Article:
Hi, Im currently designing a small machine which uses a simple crank mechanism but my crank mechanism is not a typical one. My application: [/URL] My application uses the crank wheel to drive the block (10kg). Hence, I need to calculate the torque require to drive the crank wheel. So I can select a suitable motor to do so. The problem is my crank wheel and block is offset. Hence, it’s different from a typical crank mechanism where it’s all in a straight line. Therefore, my question is: 1. In my application, is there a top/bottom dead centre where torque is 0Nm since its offset? 2. If my case doesn’t have a top/bottom dead centre, how would I calculate the torque required? 3. I came out with a theory where the Torque=F*12.5. Is it correct? [/URL] 4. If I’m wrong, Can I use the normal crank mechanism formula (Torque=F*r*sin α) to calculate the torque required? 5. How is the force reaction like so I can resolve it and calculate the torque? Thanks in advance :)
Yes - you have drawn one of them. But I think you have your thinking backwards - you are driving the block from the wheel not the other way around - the block moves along a line so torque may not help much here. The torque you need to apply to the shaft to drive the block will vary with time - depending on how you want the block (or the wheel) to move. eg. You should be able to plot the position of the black against the angular position of the wheel. If you intend to crank the wheel at a constant angular speed, you can use that to find a position-time graph for the block. Who knows - how did you calculate this figure? What were the conditions? Not easily. Your last diagram appears to show an applied force on the block, but your description says the wheel is driving the block - which is it? If you push on the block like that diagram shows, the force is transmitted along the shaft. So the direction shown for force at the pivot between the wheel and the shaft is incorrect. There is not enough information: for instance, the torque will be different if you want the block to have a constant speed for part of it's motion, a constant acceleration, or perhaps you want to drive the wheel at a constant speed - or with a constant torque (and you want the minimum torque for this).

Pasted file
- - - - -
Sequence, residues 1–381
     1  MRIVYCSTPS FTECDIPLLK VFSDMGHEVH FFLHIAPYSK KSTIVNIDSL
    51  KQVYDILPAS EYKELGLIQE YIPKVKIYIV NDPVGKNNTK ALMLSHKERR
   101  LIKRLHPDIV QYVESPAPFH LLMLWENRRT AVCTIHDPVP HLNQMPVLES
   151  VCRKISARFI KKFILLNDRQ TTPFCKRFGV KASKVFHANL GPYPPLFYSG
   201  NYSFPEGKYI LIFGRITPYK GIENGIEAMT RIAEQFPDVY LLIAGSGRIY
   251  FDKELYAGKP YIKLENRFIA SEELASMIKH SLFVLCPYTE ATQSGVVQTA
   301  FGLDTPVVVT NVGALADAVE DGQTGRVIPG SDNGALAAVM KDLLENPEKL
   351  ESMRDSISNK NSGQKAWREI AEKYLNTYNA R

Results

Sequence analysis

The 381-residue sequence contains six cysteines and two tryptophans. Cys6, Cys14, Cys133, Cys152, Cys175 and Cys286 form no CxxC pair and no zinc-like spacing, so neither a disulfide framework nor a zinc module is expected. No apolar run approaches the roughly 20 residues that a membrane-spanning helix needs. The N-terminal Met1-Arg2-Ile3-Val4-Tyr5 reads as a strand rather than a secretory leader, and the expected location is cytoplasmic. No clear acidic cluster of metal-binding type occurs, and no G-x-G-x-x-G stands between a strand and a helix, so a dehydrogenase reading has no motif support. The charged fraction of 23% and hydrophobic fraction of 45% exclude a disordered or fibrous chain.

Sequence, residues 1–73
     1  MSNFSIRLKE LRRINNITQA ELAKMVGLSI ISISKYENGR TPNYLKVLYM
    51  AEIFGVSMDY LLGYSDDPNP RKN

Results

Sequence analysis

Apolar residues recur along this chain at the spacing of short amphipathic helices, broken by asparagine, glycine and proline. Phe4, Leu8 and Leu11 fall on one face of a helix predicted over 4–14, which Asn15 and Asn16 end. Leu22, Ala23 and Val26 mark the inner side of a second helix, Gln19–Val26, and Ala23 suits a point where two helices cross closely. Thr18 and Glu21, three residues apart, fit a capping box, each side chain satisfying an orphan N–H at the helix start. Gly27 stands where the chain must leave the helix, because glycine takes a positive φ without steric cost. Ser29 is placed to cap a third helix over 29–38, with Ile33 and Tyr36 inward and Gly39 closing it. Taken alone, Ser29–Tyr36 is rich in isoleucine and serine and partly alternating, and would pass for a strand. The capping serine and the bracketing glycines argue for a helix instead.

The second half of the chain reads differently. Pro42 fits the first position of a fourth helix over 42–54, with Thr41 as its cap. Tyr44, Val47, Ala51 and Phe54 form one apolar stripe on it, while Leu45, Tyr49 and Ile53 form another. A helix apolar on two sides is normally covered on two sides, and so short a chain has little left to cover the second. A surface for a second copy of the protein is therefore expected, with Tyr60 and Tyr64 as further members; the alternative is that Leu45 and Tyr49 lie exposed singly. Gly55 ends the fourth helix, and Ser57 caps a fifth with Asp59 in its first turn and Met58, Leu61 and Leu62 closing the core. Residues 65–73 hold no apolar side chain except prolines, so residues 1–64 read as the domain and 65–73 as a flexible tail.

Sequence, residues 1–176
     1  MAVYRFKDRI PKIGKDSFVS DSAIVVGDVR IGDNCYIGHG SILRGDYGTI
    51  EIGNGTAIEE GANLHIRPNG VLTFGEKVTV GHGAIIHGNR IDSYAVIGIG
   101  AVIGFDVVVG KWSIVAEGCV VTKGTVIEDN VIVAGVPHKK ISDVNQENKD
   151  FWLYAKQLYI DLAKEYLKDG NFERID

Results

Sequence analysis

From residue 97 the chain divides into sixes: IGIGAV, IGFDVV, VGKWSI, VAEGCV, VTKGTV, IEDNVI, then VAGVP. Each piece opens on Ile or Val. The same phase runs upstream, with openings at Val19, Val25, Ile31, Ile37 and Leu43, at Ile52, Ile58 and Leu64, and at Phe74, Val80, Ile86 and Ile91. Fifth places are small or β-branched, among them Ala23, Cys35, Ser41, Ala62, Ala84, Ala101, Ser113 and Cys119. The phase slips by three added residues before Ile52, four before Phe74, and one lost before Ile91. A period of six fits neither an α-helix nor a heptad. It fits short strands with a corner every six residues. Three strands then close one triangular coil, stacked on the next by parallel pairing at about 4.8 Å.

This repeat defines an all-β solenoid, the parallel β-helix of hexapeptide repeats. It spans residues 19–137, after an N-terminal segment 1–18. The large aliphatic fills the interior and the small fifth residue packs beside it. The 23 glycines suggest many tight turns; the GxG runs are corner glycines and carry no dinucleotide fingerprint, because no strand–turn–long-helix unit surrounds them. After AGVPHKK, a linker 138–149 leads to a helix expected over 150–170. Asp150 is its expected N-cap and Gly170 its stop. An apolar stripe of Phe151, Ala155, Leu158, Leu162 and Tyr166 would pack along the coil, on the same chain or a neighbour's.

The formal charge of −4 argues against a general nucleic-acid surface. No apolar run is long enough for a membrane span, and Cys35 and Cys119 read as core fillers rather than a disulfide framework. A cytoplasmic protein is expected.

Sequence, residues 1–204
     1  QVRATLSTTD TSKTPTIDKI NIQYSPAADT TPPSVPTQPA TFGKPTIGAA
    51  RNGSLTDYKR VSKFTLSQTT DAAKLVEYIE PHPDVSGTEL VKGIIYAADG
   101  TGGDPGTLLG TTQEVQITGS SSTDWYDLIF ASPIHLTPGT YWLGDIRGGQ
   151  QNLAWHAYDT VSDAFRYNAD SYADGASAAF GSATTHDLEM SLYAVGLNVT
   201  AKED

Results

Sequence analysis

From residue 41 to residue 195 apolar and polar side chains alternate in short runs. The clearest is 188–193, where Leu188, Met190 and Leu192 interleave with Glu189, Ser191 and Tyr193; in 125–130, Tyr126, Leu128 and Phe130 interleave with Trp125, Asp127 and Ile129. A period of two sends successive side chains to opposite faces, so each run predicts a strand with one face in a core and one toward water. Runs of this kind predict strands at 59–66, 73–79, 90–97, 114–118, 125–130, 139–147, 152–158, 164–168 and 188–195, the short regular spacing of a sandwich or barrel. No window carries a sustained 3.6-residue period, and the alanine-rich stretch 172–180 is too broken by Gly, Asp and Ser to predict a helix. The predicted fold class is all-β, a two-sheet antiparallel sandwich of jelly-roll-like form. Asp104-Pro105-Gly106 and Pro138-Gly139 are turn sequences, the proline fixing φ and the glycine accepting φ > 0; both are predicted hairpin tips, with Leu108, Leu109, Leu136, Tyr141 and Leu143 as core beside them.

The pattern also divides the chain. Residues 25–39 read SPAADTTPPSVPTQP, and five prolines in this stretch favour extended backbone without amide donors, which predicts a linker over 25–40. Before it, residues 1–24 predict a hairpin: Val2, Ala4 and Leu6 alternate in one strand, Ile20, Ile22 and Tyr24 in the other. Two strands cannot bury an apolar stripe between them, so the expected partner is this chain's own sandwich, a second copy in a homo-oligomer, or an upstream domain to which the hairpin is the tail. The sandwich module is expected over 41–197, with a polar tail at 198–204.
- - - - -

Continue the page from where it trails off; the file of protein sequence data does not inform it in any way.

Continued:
yup, my application requires the wheel to drive the block. but then, i need to select a suitable motor to drive the crank/crankwheel, then the linkage and then the block. Therefore, I need the torque require to calculate my power needed right? if no, then do you have suggestion how much power/torque to drink the crankwheel in order to make the block move? yes, it will vary in time. just to let you know, the crankwheel is going to continuously run/rotate 360deg. I already set/came out with the position of the block i need. also, i want to plot a torque of the crankwheel against time/angular position of the block. if you look at my 3rd picture, the 12.5mm is the distance and F is the force required to move the block. this is just my theory. it might be wrong or right. im not too sure. hence, i need more suggestion & guideline :) do you have any suggestion/guideline what formula to use or how to resolve the force to come out with the torque require to drive the crankwheel? just to clarify, my wheel is driving the block. the reason why i calculate backward from the block to the wheel is because, the only information i have is the weight of the block. therefore, i calculate the force acting from the block and resolve it to the crankwheel in order to find the torque required to drive the block. also, i understand that the torque will be different during the motion of the crankwheel. assume my crankwheel will rotate at constant angular velocity, how do i calculate or plot the torque-time graph or torque-angular graph. if i can come out with the torque graph, i could know the maximum torque in the crank cycle. hence, i am able to choose the right motor :) lastly, thanks alot for the reply. appreciate it :)
Well your first problem is that the top of the wheel is higher than the shaft can go. (The wheel diameter is 50, same as the length of the shaft, but the bottom of the wheel is well above the track the mass runs on.) At and angle of 30 degrees, the mass is 50+25=75 away from the axle, so the height of the axle above the mass is 75sin(30)=62.5 > 50 The applied torque will pull on the end of the shaft - <sigh> there must be a better way to write that - the shaft pulls diagonally on the mass - part lifting and part sliding it. Use free body diagrams to work out how the torque turns into ma. Hint: [itex]F=\tau/r[/itex] at the end - with the angle +90deg. So it is going to get stuck.
my bad. this is a simplify diagram. the actual dwg, the locus, shaft length, crank wheel diameter is perfect where it can rotate and it wont get stuck. sorry for the confusion on the diagram. the actual machine looks complicated, so i came out with a simplified one just to describe the problem. so sorry